The controversy surrounding healthcare reform does not appear as if it will end any time soon. Multiple lawsuits are currently pending regarding the federal government’s authority to enforce an individual mandate, which requires people to either buy health insurance or pay a fine.
Opponents of the mandate believe that it violates the 10th Amendment, and therefore states’ rights. The Obama administration contends that the commerce clause of the Constitution allows them to take such action, and wants the suits dismissed.
If the states’ lawsuits are allowed to reach the Supreme Court, it may take several years for the issue to be resolved. Legal experts believe that there is a slim, but not insignificant, chance that the Supreme Court would strike down the offending provision.
In that case, it will have a significant impact on how healthcare reform is implemented. While invalidating the health insurance mandate does not kill the legislation, it severely wounds it. That is because the mandate is the linchpin that holds the more popular parts of the law that expand coverage together.
The worst-case scenario is a reenactment of the New York market on a national scale. In New York State, health insurers have long been forbidden from refusing to sell policies to people with pre-existing conditions. Meanwhile, nobody is required to buy a plan.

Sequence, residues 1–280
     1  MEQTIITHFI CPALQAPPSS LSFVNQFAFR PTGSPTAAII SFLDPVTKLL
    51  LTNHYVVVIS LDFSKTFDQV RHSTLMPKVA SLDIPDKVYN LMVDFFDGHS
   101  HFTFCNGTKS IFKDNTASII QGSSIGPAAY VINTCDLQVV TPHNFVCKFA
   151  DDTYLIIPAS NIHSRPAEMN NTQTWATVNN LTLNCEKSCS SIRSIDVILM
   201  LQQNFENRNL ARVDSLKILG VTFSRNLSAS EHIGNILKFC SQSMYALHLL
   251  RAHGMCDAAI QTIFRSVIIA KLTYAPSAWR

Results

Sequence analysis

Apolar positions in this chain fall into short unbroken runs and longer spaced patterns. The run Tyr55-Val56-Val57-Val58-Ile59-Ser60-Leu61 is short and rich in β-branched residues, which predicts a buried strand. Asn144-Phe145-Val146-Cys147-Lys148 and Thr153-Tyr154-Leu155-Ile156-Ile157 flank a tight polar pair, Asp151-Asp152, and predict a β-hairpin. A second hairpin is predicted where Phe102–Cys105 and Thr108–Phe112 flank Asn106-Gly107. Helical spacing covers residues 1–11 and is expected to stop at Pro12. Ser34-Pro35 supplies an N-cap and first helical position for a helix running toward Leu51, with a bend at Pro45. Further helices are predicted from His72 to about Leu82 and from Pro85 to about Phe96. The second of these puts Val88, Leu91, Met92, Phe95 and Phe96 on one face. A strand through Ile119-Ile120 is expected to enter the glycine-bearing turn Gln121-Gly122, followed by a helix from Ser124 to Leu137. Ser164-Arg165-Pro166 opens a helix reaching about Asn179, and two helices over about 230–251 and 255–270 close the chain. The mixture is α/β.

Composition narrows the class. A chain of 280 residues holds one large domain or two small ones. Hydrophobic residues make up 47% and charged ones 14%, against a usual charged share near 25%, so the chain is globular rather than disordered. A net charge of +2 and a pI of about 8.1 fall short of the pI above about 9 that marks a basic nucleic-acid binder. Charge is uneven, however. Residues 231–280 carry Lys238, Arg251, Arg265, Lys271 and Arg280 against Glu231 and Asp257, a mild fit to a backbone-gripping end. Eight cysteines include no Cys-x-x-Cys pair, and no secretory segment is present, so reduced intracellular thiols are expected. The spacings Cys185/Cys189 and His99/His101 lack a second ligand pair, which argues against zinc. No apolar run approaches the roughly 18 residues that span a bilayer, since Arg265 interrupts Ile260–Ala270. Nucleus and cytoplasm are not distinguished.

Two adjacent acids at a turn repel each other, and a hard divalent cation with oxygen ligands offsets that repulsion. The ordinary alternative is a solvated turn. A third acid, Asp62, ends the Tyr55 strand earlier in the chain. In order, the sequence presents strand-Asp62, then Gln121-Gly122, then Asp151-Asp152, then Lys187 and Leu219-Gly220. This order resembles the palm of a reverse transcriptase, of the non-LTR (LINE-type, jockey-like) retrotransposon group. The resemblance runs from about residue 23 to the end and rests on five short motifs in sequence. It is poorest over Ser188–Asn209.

Unfortunately, the situation has devolved into increasingly costly health insurance plans that nobody but the sickest people (who are the most expensive to treat) are willing to buy. Young and healthy individuals are not entering the patient pool; therefore, insurance companies cannot spread the cost of claims among a wider population. It’s a vicious cycle: rates go even higher, which makes health insurance plans even more unappealing to those who aren’t desperate. Eventually, the insurance industry would fail to survive.
Some people hope that Washington, D.C. will be forced to go back to the healthcare reform drawing board. The conservatives behind the legal challenges want the bill repealed entirely. On the other hand, liberals who feel that the legislation is too weak hope that the failure of this strategy would result in the resurgence of interest in a single-payer health care system. In the ultimate irony for those who fear socialized medicine, private insurance could end up being dismantled in favor of government-sponsored coverage if the mandate is considered illegal.
About the Author:
Yamileth Medina is an up and coming expert on Health Insurance and Healthcare Reform. She aims to help people realize that they can find quality health insurance plans right now. Yamileth lives in Miami, FL.